By Paul Homewood
We looked at this NYT article earlier today. It focussed on this paper by Marlene Kretschmer:
Over the last decades, the stratospheric polar vortex has shifted towards more frequent weak states which can explain Eurasian cooling trends in boreal winter in the era of Arctic amplification.
The extra-tropical stratosphere in boreal winter is characterized by a strong circumpolar westerly jet, confining the coldest temperatures at high latitudes. The jet, referred to as the stratospheric polar vortex, is predominantly zonal and centered around the pole; however, it does exhibit large variability in wind speed and location. Previous studies showed that a weak stratospheric polar vortex can lead to cold-air outbreaks in the mid-latitudes but the exact relationships and mechanisms are unclear. Particularly, it is unclear whether stratospheric variability has contributed to the observed anomalous cooling trends in mid-latitude Eurasia. Using hierarchical clustering, we show that over the last 37 years, the frequency of weak vortex states in mid to late winter (January and February) has increased which were accompanied by subsequent cold extremes in mid-latitude Eurasia. For this region 60% of the observed cooling in the era of Arctic amplification, i.e. since 1990, can be explained by the increased frequency of weak stratospheric polar vortex states, a number which increases to almost 80% when El Niño/Southern Oscillation (ENSO) variability is included as well.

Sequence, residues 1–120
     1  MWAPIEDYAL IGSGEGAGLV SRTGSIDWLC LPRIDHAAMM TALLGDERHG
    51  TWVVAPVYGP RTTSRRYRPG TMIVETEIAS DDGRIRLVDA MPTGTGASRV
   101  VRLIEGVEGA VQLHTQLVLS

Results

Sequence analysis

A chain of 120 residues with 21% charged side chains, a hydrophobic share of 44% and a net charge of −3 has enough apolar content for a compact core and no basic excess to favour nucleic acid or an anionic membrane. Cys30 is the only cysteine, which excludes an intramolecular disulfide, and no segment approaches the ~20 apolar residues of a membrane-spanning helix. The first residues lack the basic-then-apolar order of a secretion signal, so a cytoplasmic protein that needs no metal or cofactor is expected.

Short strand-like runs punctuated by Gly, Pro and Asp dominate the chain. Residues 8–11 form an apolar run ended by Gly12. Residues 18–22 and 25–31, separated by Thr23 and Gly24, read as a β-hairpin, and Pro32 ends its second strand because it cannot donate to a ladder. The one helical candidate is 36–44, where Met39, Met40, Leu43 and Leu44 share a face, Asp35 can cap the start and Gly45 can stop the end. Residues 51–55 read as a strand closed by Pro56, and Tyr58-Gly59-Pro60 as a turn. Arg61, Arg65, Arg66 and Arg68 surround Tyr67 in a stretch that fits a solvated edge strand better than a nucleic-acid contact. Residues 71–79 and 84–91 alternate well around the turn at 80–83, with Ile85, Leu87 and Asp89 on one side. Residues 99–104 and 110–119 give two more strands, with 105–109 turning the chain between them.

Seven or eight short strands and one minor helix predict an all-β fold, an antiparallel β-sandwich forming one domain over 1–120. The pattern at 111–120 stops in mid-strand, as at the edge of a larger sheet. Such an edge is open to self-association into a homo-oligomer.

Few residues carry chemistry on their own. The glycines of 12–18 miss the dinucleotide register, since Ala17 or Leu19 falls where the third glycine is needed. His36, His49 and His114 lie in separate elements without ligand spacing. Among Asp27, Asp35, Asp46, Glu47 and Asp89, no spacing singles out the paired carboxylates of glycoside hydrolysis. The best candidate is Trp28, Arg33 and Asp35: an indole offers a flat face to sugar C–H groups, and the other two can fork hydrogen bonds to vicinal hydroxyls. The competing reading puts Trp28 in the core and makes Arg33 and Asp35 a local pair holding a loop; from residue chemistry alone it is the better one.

The paper makes this specific comment:
But what do NOAA say about recent winters in the Northeastern United States?
The winters of 2013/14 a,d 2014/15 were a bit colder than average, but there have been many more winters in the last century, which were much colder.
The claim about “anomalously” cold winters simply does not hold water.
All of which brings us back to the massive temperature adjustments made by NOAA. Has Kretschmer been making up data to suit her case?
Or are NOAA’s adjustments wrong, and recent winters really have been anomalously cold?
Of course, looking at the winter season average as a whole might cover up unusual warmth and cold.
When she introduced her work on the subject in 2014, Jennifer Francis specifically referred to the severe cold snap that affected the Northeast in January and February 2014, using it as an example.
The cold weather began on Jan 2nd, and lasted into April.
Yet again NOAA show absolutely nothing unusual going on in either of those months..
Put very simply, NOAA’s temperature record bears no relevance to reality.
via NOT A LOT OF PEOPLE KNOW THAT
January 4, 2018 at 12:06PM